New Data Show Charter Enrollment Increased During Pandemic
One of the dominant stories in American education over the past year and a half has been the exodus from traditional public schools during the coronavirus pandemic. In June of this year, the federal government released data showing a three percent drop in enrollment from the 2019–20 to 2020–21 school years. Missouri’s numbers looked like the nation’s, with a similar three percent drop during that time period.
But a new analysis by the National Alliance for Public Charter Schools (NACPS) argues that not all schools saw drops in enrollment. In fact, across the country and in Missouri, charter schools actually saw increases in attendance.
The report’s authors worked with state data (and state education agencies) to examine enrollment trends in both traditional public and public charter schools. For the nation, they found a 3.3 percent decline from 2019–20 to 2020–21 in enrollment in traditional public schools, a similar trend to what the federal government’s data wonks found. But for charter schools, they found a 7.08 percent increase during that time period, representing some 237,311 students newly enrolled in charter schools.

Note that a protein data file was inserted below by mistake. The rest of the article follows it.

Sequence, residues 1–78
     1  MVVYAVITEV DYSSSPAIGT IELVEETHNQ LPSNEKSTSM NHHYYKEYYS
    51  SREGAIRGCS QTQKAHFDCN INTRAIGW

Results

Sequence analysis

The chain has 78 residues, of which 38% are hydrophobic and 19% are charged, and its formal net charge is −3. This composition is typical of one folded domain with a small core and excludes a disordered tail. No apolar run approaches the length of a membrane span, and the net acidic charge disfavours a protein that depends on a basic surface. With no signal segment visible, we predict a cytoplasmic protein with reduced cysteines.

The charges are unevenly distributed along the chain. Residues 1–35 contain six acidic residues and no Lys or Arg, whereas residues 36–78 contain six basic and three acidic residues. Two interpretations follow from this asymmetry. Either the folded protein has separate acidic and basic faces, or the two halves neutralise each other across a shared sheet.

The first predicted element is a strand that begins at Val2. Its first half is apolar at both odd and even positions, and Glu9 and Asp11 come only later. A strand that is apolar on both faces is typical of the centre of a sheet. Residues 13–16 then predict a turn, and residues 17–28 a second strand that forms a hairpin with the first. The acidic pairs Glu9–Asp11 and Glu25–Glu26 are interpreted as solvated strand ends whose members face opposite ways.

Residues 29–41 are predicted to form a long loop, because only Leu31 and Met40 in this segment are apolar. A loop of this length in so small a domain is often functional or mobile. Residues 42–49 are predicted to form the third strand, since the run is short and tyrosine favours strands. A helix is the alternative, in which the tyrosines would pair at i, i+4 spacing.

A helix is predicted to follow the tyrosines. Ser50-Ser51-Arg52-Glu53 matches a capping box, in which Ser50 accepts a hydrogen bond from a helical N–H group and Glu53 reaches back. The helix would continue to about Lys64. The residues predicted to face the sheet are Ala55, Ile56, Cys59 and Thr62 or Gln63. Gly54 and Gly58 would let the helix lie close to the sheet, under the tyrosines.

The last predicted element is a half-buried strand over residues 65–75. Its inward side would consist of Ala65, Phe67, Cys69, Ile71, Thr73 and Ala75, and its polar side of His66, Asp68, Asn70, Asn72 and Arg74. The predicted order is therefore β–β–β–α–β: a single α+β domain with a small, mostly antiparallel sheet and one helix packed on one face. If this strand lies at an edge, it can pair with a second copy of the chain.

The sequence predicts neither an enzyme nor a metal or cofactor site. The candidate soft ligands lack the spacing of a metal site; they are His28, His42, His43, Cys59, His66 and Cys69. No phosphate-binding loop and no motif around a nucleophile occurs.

In Missouri, while only finding a 0.1 percent decrease in enrollment in traditional public schools, the authors found a 3.5 percent increase in charter school enrollment.
Now, caveats are in order. Data on school enrollment is fluid right now. Sources conflict (as we see in the differences between what the feds counted in Missouri and what NAPCS did). Online learning, in both the traditional public and charter sectors, messes with the numbers as students move between modalities. I will be much more confident with another year of data.
That said, what NAPCS reported does align with a lot of what we’re hearing anecdotally. Lots of families were frustrated during the pandemic and were looking for other options. Charter schools are one of them. Especially in places where charter schools found ways to either be open in person or to provide a quality virtual option while their neighboring traditional public schools did neither, charter schools were an attractive option. We shouldn’t be surprised if families took advantage of it.